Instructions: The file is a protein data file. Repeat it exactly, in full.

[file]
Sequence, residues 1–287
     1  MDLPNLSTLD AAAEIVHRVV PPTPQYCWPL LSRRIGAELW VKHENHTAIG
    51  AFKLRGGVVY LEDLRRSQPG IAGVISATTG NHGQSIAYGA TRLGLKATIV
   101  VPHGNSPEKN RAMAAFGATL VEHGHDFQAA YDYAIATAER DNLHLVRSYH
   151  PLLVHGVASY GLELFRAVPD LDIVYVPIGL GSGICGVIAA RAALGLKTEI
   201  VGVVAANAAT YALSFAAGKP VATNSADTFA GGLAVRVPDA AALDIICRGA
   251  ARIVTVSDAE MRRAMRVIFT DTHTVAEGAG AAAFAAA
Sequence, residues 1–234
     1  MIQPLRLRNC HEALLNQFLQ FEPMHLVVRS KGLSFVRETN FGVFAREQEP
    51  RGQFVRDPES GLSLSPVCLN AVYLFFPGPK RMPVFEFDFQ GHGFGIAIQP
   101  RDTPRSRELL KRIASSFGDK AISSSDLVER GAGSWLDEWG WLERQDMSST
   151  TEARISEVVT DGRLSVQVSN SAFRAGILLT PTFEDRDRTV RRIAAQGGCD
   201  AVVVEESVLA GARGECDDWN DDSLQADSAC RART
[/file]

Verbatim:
Sequence, residues 1–287
     1  MDLPNLSTLD AAAEIVHRVV PPTPQYCWPL LSRRIGAELW VKHENHTAIG
    51  AFKLRGGVVY LEDLRRSQPG IAGVISATTG NHGQSIAYGA TRLGLKATIV
   101  VPHGNSPEKN RAMAAFGATL VEHGHDFQAA YDYAIATAER DNLHLVRSYH
   151  PLLVHGVASY GLELFRAVPD LDIVYVPIGL GSGICGVIAA RAALGLKTEI
   201  VGVVAANAAT YALSFAAGKP VATNSADTFA GGLAVRVPDA AALDIICRGA
   251  ARIVTVSDAE MRRAMRVIFT DTHTVAEGAG AAAFAAA
Sequence, residues 1–234
     1  MIQPLRLRNC HEALLNQFLQ FEPMHLVVRS KGLSFVRETN FGVFAREQEP
    51  RGQFVRDPES GLSLSPVCLN AVYLFFPGPK RMPVFEFDFQ GHGFGIAIQP
   101  RDTPRSRELL KRIASSFGDK AISSSDLVER GAGSWLDEWG WLERQDMSST
   151  TEARISEVVT DGRLSVQVSN SAFRAGILLT PTFEDRDRTV RRIAAQGGCD
   201  AVVVEESVLA GARGECDDWN DDSLQADSAC RART